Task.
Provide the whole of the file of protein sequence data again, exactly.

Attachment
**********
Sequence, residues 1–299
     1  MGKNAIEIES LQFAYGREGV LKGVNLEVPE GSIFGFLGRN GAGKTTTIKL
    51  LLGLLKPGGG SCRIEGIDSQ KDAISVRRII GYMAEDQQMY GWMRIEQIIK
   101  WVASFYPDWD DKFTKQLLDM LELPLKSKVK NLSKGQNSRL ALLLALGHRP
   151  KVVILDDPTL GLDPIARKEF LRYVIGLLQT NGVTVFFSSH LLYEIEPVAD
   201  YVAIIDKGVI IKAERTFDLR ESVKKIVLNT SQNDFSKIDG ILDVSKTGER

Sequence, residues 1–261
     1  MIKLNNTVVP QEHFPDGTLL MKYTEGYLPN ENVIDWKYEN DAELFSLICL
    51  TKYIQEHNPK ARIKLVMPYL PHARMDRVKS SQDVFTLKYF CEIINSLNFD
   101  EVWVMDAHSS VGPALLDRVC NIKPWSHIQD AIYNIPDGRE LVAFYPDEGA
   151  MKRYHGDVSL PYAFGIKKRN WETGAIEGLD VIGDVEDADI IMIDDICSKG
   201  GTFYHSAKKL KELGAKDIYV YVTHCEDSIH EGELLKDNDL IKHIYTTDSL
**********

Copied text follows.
Sequence, residues 1–299
     1  MGKNAIEIES LQFAYGREGV LKGVNLEVPE GSIFGFLGRN GAGKTTTIKL
    51  LLGLLKPGGG SCRIEGIDSQ KDAISVRRII GYMAEDQQMY GWMRIEQIIK
   101  WVASFYPDWD DKFTKQLLDM LELPLKSKVK NLSKGQNSRL ALLLALGHRP
   151  KVVILDDPTL GLDPIARKEF LRYVIGLLQT NGVTVFFSSH LLYEIEPVAD
   201  YVAIIDKGVI IKAERTFDLR ESVKKIVLNT SQNDFSKIDG ILDVSKTGER

Sequence, residues 1–261
     1  MIKLNNTVVP QEHFPDGTLL MKYTEGYLPN ENVIDWKYEN DAELFSLICL
    51  TKYIQEHNPK ARIKLVMPYL PHARMDRVKS SQDVFTLKYF CEIINSLNFD
   101  EVWVMDAHSS VGPALLDRVC NIKPWSHIQD AIYNIPDGRE LVAFYPDEGA
   151  MKRYHGDVSL PYAFGIKKRN WETGAIEGLD VIGDVEDADI IMIDDICSKG
   201  GTFYHSAKKL KELGAKDIYV YVTHCEDSIH EGELLKDNDL IKHIYTTDSL